Cut throat competition and the need to stay ahead of the competition are some reasons why companies resort to misleading advertisements. However, the Advertisement Standards Council of India (ASCI) self regulation in advertisement is now said to stall this to some extent.
The partnership between the Government of India’s Department of Consumer Affairs (DoCA) and the Advertisement Standards Council of India (ASCI) could also see a curb in misleading advertisements as now complaints will be taken note of and responded to. Even if there are no complaints and the ASCI finds that the advertisement is misleading they will put a stop to such advertisement. Children particularly are most vulnerable to the advertisements as they get persuaded to eat foods and drink beverages that make tall claims.
Section 24 of the Food Safety and Standards Act (FSSA), 2006 pertains to misleading advertisements, as also the Food Safety and Standards (Packaging and Labelling) Regulations, 2011. The FSSAI has also made a proposal to the ASCI and if the ASCI accepts these proposals then the tall claims about the food products in advertisements could find the F&B Industry at the losing end of the rope. The Ministry of Information and Broadcasting has always been supporting the ASCI and now with both DoCA and FSSAI willing to partner with them as well, the consumers could be given a true picture instead of the false claims about the nutritive or energy boosting claims in advertisements.
Since the regulations have become stricter and the consumers have become more aware companies have now grown smarter and have begun to advertise some of their foods as health supplements. One milk supplement for children claims that it enhances memory with ‘memory chargers and brain chargers’.
Another one says that it provides thrice as much stamina as compared to other chocolate-flavoured milk supplements. A third claims that drinking their supplement makes children stronger, taller and sharper. None of the claims can be substantiated and so they can be said to be misleading and deceptive. Another children’s supplement manufacturer claims that their product has DHA but the benefits of DHA have not been proved. ‘Helps in children’s growth and development’ is another claim that has been misleading consumers especially who give children these supplements. While the vitamins and minerals included in these ‘health’ drinks are beneficial they are not solely responsible for children’s good health so the tall claims or half truths could now lead to fines of up to Rs.10lakhs if proved fraudulent. This is now possible as DoCA has undertaken to direct complaints to ASCI and so ASCI will be more vigilant about misleading and deceptive claims in advertisement whether on the packaging or in communication.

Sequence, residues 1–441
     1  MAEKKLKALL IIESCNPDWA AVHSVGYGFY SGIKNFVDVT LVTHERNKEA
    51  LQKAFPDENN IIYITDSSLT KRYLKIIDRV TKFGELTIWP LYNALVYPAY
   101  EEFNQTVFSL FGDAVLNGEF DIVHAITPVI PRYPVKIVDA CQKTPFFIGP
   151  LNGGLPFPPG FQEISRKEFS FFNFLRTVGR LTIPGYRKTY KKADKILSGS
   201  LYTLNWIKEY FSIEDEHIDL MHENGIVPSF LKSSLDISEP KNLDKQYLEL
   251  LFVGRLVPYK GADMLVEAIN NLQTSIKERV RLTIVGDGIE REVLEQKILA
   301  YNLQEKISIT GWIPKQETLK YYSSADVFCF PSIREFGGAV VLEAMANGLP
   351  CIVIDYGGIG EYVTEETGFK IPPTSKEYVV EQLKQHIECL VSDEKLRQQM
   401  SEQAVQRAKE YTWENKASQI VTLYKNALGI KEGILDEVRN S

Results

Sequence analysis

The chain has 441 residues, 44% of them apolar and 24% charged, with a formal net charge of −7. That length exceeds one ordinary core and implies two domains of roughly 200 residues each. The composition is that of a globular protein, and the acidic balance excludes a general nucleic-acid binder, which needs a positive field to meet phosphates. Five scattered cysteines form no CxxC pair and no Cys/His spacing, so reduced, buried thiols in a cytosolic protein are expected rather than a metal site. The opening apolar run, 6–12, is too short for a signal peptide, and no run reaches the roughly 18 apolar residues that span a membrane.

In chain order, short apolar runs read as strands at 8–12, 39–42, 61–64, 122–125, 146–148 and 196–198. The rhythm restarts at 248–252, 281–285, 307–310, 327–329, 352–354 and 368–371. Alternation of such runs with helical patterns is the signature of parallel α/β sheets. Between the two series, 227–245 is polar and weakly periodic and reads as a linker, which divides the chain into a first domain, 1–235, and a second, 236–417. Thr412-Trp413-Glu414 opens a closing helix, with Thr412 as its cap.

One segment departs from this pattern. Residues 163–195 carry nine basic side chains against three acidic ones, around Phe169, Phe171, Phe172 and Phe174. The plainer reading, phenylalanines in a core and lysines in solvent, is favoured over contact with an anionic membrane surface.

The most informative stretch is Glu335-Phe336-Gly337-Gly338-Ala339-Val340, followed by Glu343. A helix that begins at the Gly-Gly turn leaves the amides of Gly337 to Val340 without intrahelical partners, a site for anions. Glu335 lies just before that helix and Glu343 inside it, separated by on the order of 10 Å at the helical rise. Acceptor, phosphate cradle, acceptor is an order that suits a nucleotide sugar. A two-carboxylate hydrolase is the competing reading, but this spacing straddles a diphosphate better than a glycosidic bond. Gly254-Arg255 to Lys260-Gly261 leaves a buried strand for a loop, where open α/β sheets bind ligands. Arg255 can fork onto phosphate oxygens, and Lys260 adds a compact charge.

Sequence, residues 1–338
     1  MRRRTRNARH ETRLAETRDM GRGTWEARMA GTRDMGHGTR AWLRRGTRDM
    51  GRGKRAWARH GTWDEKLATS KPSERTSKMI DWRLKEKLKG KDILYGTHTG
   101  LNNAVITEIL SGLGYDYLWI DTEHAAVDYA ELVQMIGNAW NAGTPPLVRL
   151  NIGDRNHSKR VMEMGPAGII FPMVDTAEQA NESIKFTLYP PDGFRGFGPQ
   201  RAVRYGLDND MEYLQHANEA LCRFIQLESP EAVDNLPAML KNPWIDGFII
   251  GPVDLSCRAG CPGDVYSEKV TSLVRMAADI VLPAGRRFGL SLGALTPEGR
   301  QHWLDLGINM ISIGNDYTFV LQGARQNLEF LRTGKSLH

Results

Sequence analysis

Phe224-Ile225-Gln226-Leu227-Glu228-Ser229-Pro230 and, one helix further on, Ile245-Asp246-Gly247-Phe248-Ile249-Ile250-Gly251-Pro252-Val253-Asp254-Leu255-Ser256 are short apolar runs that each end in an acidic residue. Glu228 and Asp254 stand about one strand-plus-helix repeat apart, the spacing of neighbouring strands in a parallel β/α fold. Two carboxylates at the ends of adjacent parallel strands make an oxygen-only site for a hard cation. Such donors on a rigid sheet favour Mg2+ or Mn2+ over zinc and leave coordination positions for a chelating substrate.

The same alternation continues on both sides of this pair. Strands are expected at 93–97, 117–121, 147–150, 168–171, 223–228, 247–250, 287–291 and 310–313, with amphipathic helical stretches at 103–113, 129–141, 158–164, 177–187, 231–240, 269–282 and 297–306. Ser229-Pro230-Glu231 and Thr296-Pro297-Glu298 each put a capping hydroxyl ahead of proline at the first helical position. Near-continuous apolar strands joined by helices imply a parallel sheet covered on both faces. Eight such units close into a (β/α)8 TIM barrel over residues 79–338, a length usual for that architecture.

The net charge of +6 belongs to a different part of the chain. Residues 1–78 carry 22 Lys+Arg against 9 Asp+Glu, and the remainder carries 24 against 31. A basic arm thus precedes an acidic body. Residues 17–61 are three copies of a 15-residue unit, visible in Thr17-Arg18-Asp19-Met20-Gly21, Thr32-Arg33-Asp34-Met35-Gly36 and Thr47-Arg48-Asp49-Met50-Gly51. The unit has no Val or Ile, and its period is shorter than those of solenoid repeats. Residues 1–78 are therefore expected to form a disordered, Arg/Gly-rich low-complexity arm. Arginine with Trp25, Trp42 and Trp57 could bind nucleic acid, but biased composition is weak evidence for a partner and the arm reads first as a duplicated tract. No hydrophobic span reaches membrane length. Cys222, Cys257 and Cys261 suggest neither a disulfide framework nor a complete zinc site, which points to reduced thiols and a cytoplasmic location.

Some oil companies are also on the radar of ASCI as well as FSSAI as their labels claims are not totally correct. One says that the healthy and tasty soya bean oil has ‘7 stage European refining technology ‘Suraksha Shakti’. Another claims to be the ‘heart of a healthy family’ and uses the word ‘losorb technology’. A mustard oil brand claims ‘heath and vigour and cholesterol 0 gm’ on the advertisement which is definitely not quite correct.
Most of the companies are selling their products as ‘health’ encouraging products as that is what is capturing the consumers imagination with health being high on the list of most consumers. So you have biscuits that claim ‘no added sugar, complex carbohydrates, diabetic friendly’ which may not really be true. Similarly another brand of biscuits claims to be ‘heart friendly and that it helps to reduce cholesterol.’ One company that sells breakfast foods claims that according to research eating low fat breakfast tends to make people slimmer like their special product.
A ‘muesli’ brand says their products contain many fruits which could be half true as the number of fruits may not be so many though the impression the advertisement makes is that there are a huge number of fruits in it. ‘Healthy’ and ‘Natural’ are words that have been wrung dry by advertisements as almost all ‘nutritional’ supplements claim their products to be healthy, full of vitamins and minerals and natural. Claims about the presence of ‘probiotics’ in curd has also caused much concern to authorities. In some products it has been found that the health values and claims on the advertisement are different.
According to FSSAI nutrition value whether through visual, written or oral claims have to be backed by scientific data and if it is not so then the advertisement is misleading.
Now that the ASCI and the government of India’s have a new partnership those found guilty of misleading advertisements and unfair trade practices could find that they can no longer make tall claims. Strict action could be taken against the advertiser and the brand. Advertisers say that they would like to be seen as being responsible and so would not solely be careful because of government restrictions but because they want to be responsible.